I’ll never forget the first time I experienced Yotam Ottolenghi’s divine house of lusciousness in London, Islington.
I can’t call it a café because his is a seduction. Ottolenghi doesn’t prepare salads, he creates temptations laid bare upon painted ceramic platters staggered at differing heights and depths to induce the feeling that this is not lunch we’re considering, but some kind of culinary rite of passage:
A sand-fine cone of couscous plumped with pumpkin and feathered with fresh herbs; the dramatic sheen of pomegranate seeds topping charred sprawls of eggplant; jewelled chunks of pink grapefruit kissing up to rocket, roast beetroot and pistachio-sprinkled feta.
And the breads! Rosemary topped. Garlic infused. Brioche puffed and plump.
Ottolenghi handles food like Botticelli painted nudes – with a connoisseur’s eye and a sensualist’s hunger.
There were desserts there, too, from stacks of his signature powder-puff meringues to petite Alice in Wonderland-style tartlets topped with everything from raspberries to delicate lemon curd meringue. But the fact these last treats were made with sugar and butter and flour was by the by: in Ottolenghi’s world, these foods are simply offered as a celebratory full stop. The “ta-da!” element, as he describes, to round out a joyful meal.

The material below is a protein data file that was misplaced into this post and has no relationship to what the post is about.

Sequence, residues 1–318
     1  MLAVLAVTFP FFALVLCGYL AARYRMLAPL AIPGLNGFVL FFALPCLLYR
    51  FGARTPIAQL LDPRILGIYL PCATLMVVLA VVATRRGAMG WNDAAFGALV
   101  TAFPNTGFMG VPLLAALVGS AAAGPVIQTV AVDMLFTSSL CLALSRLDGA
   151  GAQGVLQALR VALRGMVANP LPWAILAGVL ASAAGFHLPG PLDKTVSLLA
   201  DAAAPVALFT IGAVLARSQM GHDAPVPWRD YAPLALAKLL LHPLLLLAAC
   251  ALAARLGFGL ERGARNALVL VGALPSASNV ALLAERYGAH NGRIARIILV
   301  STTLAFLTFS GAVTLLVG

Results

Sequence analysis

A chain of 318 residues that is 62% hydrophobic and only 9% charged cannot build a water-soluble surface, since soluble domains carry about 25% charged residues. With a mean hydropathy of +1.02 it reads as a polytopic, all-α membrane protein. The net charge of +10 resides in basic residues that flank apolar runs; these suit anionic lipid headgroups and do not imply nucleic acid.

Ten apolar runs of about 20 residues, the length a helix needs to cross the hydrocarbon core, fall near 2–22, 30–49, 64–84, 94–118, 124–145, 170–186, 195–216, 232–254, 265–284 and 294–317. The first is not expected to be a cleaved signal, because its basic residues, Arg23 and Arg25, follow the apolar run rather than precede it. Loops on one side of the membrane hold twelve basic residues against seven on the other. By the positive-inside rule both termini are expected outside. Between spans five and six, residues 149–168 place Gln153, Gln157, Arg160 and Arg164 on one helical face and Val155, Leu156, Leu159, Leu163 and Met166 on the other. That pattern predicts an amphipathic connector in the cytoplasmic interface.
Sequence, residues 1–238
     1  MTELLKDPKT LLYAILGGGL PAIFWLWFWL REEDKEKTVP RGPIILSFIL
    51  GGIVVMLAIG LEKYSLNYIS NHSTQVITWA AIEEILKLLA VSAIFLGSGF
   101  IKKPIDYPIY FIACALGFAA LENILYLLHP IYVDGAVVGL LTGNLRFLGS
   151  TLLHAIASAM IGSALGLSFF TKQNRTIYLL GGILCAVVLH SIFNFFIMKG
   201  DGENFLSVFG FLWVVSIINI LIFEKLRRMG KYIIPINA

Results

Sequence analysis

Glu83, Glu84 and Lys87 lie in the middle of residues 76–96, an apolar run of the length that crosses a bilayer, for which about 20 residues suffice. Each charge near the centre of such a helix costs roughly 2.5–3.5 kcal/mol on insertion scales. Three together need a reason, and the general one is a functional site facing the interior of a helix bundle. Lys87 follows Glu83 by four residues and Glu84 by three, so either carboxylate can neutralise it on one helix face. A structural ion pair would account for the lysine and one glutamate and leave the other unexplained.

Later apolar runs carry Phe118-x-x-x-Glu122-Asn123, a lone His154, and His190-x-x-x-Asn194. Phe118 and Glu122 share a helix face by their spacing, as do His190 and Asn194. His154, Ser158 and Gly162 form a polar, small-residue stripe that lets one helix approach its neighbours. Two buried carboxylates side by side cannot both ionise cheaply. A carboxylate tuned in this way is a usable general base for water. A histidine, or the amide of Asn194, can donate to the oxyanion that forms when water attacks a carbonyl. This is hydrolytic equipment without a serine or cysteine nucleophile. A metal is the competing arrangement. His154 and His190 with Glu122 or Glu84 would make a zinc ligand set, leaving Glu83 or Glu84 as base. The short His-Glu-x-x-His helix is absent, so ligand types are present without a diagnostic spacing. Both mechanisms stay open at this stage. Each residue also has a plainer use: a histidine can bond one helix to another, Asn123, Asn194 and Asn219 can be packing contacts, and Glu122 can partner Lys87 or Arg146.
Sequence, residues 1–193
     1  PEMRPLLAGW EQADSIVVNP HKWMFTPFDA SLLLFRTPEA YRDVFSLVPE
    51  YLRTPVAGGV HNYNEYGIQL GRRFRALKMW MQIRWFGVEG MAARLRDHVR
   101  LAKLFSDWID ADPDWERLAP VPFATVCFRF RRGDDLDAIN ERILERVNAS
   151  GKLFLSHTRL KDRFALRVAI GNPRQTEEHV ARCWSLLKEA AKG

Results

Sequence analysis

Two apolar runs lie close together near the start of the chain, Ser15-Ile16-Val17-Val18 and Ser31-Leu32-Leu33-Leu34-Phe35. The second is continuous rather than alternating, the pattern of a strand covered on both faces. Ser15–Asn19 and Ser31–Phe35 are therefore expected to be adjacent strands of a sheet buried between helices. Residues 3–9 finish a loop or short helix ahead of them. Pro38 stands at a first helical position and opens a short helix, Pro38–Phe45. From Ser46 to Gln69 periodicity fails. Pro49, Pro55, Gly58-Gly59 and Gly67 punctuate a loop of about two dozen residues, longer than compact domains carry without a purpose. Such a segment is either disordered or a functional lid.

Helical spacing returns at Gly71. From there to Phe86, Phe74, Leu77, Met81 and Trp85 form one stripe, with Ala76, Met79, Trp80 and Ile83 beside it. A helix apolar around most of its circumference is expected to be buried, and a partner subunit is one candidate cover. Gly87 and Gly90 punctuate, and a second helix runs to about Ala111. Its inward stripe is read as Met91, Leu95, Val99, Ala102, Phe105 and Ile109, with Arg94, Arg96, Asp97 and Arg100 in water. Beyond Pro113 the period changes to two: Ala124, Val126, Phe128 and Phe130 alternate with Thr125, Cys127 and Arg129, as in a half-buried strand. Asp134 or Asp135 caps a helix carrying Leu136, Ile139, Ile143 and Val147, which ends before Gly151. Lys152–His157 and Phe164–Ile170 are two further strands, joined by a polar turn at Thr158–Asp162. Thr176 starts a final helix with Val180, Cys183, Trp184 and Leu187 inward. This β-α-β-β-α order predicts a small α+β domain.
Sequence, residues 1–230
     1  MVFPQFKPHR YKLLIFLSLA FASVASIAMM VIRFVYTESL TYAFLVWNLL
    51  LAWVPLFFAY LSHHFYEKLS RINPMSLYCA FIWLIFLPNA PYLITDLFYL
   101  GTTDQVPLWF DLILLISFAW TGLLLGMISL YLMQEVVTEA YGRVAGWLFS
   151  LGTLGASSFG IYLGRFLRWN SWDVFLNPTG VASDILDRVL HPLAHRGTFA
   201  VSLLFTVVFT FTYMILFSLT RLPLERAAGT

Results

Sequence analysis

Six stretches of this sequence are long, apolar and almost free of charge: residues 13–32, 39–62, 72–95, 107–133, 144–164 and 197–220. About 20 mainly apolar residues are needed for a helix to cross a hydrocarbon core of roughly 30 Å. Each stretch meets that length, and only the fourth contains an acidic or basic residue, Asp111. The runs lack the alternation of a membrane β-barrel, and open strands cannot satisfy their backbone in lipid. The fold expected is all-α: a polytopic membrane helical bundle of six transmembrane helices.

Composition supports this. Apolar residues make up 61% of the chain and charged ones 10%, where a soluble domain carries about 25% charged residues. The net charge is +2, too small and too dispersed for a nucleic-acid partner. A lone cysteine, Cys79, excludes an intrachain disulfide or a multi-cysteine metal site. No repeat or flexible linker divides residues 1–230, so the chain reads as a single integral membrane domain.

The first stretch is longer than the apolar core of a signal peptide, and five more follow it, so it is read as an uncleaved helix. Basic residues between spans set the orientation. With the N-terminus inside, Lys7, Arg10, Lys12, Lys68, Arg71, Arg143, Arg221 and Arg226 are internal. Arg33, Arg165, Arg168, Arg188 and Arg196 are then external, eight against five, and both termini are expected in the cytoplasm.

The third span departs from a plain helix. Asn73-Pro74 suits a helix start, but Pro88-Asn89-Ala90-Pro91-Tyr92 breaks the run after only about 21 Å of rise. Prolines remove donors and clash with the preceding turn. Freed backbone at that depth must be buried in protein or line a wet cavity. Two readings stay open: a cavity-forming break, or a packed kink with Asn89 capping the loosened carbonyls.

To read Ottolenghi’s first column for the New York Times is to understand what maturity and nuance can contribute to our understanding of current discussions around sugar.
"Admitting to a sweet tooth these days seems rather illicit, what with sugar cast in the role of Public Enemy No. 1. But here is my confession: I rarely go a day without a slice or bite or square of something sweet," he wrote. But it's not just for the sugar, he explains. "Rather, it’s the comfort, surprise and delight that dessert, or any food, can bring, that ideal match of the right dish and the right moment."
His is a sophisticated view in an arena where the aggressive arc of the pendulum’s return allows for little in the way of subtlety.
When I was young, Mum and Dad made our nightly meals from scratch. Of course we never talked about the benefits of this approach because ‘from scratch’ was the norm. Dad’s Kashmiri sabzis. Mum’s lasagne. Though both exceptional cooks neither were bakers and so dessert – and we had it nearly nightly – was normally a small bowl of Peter’s vanilla ice cream.